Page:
“In U.S. health care, it’s not only who you are that matters, it’s also where you live.” So say the authors of a new study on the uneven quality of health care and the resulting health disparities along racial and geographic lines. A report from the Center for American Progress released last year detailed community-level strategies for evening out racial and ethnic health disparities, a tactic that is now even more relevant, given the new data on geographic differences.
Research has shown for years that minorities face greater risk of complications from heart disease, diabetes, and other common afflictions. Treatable risk factors such as hypertension, low physical activity, tobacco use, infrequent access to care, and obesity are more prevalent among African Americans, American Indians, and Alaska Natives, Hispanics, and Native Hawaiians and Pacific Islanders than among white Americans.
But this report, from the Dartmouth Atlas Project and Robert Wood Johnson Foundation, shows that where you live can also play a determining factor in the care you receive.
Researchers examined Medicare claims for evidence of disparities by race or location and indeed found evidence of both. Blacks, for example, face a risk of leg amputation—a severe complication of peripheral vascular disease and diabetes, which typically results from years of suboptimal care—that is four times greater than whites.
But the rates varied even more starkly by region. The rate of leg amputation for blacks in Mississippi, Louisiana, and South Carolina was found to be about 6 per 1,000. In Colorado and Nevada, it was less than 2 per 1,000. Even the rates for whites in the three southern states—about 1.3 in 1,000—were more than double that of the two western ones.
Other research has also pointed to the importance of location, and specifically the exposure to health risks associated with living in poor neighborhoods, as a factor in health disparities. A recent article in the journal Health Affairs highlighted the link between disadvantaged neighborhoods and detrimental health outcomes such as lower life expectancies. Roughly 76 percent of black children and 69 percent of Latino children living in large metropolitan areas live in neighborhoods that have higher poverty rates than those found in the neighborhoods of the worst-off white children. Many of the states with the highest poverty rates are also located in the South, contributing to the wide disparities in health outcomes seen across state lines.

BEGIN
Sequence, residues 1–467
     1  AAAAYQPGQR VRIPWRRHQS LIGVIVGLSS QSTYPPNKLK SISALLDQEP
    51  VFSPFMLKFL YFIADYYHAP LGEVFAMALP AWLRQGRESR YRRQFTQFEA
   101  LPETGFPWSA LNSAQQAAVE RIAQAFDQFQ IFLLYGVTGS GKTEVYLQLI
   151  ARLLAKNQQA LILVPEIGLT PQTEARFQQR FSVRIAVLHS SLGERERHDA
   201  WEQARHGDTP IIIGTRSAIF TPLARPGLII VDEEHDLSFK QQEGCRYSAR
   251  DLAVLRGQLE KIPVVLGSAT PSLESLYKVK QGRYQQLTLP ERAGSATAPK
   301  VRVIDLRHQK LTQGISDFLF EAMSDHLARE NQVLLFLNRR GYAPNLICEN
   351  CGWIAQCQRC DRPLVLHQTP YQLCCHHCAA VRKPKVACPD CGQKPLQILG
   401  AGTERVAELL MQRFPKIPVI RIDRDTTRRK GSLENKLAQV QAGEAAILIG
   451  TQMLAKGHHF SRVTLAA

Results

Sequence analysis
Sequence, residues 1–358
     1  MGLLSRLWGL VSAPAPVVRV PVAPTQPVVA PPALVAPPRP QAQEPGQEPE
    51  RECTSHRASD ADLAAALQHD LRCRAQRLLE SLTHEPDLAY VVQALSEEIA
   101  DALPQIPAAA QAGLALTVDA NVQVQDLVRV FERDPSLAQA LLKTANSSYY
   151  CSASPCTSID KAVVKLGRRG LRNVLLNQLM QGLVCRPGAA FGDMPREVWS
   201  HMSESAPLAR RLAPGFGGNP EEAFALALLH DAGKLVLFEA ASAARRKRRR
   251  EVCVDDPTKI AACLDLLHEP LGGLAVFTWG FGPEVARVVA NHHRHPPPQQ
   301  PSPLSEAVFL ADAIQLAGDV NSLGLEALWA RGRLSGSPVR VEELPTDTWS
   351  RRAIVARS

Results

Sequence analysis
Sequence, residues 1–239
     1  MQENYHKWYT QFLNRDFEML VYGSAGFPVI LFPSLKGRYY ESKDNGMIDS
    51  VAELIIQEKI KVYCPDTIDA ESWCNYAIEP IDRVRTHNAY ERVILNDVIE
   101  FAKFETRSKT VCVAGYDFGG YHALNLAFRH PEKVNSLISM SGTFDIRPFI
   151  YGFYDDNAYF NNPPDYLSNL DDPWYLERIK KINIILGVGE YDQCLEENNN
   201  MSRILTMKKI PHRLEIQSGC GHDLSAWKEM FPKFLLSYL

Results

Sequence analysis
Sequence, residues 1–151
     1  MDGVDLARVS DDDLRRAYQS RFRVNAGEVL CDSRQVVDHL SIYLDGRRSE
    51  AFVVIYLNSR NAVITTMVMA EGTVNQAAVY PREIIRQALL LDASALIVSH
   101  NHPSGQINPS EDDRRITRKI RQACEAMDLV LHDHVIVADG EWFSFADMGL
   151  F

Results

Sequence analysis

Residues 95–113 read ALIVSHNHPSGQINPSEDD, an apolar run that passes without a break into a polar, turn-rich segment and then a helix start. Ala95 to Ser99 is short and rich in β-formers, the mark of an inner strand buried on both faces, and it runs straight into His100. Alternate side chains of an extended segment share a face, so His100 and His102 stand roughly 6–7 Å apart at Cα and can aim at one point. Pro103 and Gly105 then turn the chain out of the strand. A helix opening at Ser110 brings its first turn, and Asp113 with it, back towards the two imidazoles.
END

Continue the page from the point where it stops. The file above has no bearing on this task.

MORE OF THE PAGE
Health policy leaders are increasingly recognizing the importance of controlling risk factors to reduce disparities. One solution is community programs that work to modify risky health behaviors and risk factors themselves. The Center for Disease Control and Prevention’s Racial and Ethnic Approaches to Community Health, or REACH 2010, and the Department of Health and Human Services’ Office of Minority Health’s two grant programs —Community Programs to Improve Minority Health and the State Partnership Grant Program to Improve Minority Health—have effectively reduced racial and ethnic disparities in targeted subpopulations.
Initial policy steps to reduce disparities even further include increasing and leveraging funding for community programs, increasing the infrastructure capacity for these programs to expand and take hold, and allocating funding for an office of minority health for each state, territory, and district. Other strategies should include improving health providers’ performance—a particular focus of The Robert Wood Johnson Foundation’s new $300 million, three-year initiative intended to narrow the racial and geographic disparities at the community level.
These steps need to be taken sooner rather than later—calculations show, for example, that there would have been 85,000 fewer black deaths overall in the year 2000 alone if health disparities had been eliminated in the 20th century. Live are being lost every day, and there’s no time to waste.